Flying into the eye
Hurricane Hunters fly a plane in through a hurricane to collect weather data critical to keep you safe.
There are two groups that do the hurricane hunting, the National Oceanic Atmospheric Administration (NOAA) Hurricane Hunters and the United States Air Force Hurricane Hunters.
NOAA flys a P-3 aircraft and the Air Force flys a C-130.
The P-3 is nicknamed Miss Piggy and has flown into 84 storms since 1977. It is an all-weather airplane with three different radars on the aircraft.
The C-130 is a stout combat plane that is sturdy enough to fly through a hurricane.
The Air Force focuses on hurricane reconnaissance and NOAA does reconnaissance and hurricane research.
Both planes fly at different angles, similar to an hourglass, through the storm collecting data from all heights. The C-130 will fly up to 10,000 feet and the P-3 stays around 5, 000 feet. Both outfits have communication with each other and are collecting weather information to send back to the National Weather Service.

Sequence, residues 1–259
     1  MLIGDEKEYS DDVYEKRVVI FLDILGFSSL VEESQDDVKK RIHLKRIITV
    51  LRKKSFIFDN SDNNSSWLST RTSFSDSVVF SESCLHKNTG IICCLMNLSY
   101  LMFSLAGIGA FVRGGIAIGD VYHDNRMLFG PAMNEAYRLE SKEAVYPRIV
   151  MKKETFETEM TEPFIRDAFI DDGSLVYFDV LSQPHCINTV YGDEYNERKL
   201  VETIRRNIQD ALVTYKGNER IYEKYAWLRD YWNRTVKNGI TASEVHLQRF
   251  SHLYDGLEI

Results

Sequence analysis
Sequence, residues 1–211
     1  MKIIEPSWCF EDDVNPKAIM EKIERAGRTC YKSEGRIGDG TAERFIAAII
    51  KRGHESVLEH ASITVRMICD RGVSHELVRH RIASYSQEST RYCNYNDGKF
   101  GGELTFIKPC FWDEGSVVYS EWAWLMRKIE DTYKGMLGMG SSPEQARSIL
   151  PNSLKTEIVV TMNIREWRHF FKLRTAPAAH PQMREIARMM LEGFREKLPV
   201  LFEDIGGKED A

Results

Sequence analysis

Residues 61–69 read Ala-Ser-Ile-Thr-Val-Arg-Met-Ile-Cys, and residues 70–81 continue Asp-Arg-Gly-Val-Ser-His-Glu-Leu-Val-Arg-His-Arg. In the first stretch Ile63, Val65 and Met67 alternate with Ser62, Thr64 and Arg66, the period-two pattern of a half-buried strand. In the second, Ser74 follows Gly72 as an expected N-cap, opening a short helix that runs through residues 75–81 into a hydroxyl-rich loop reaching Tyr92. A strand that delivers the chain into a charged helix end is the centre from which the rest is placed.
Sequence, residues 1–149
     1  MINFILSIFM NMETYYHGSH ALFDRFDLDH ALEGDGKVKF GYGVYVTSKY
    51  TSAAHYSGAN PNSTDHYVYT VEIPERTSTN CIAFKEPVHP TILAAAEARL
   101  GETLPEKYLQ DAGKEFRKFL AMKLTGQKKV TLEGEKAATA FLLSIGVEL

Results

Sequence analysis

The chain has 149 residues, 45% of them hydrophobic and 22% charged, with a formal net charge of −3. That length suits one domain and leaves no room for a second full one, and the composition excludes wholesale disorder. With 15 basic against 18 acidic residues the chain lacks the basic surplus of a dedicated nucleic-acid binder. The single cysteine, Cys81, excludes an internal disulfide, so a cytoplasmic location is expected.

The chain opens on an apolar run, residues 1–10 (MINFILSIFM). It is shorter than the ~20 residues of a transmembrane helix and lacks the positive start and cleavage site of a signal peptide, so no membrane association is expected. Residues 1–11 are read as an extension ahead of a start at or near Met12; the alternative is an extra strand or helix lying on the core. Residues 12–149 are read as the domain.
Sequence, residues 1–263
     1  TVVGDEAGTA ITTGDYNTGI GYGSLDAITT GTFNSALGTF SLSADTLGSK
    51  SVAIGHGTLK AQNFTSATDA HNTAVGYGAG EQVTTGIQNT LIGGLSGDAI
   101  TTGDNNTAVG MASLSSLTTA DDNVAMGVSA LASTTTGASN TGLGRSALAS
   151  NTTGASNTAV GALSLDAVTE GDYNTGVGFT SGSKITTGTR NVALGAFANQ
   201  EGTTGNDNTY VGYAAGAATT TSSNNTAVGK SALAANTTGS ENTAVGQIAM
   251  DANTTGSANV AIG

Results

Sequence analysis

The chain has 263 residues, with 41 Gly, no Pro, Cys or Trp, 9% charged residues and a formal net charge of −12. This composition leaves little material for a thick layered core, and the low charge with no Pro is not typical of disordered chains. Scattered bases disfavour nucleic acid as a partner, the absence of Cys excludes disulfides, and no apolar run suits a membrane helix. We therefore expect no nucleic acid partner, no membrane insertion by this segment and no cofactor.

One of the most valuable weather instruments found on both planes is the dropsonde. This instrument is important because it is able to send back atmospheric pressure, temperature, humidity, wind speed and direction back to the plane two times a second as it descends to the ocean.
Each season and each storm is different but after multiple trips into storms, the crews are in agreement. NOAA Navigator Peter Seigel says, "it sounds so strange to say that a hurricane can be beautiful because it does so much destruction, but just seeing that inside, it's something that I'll never forget."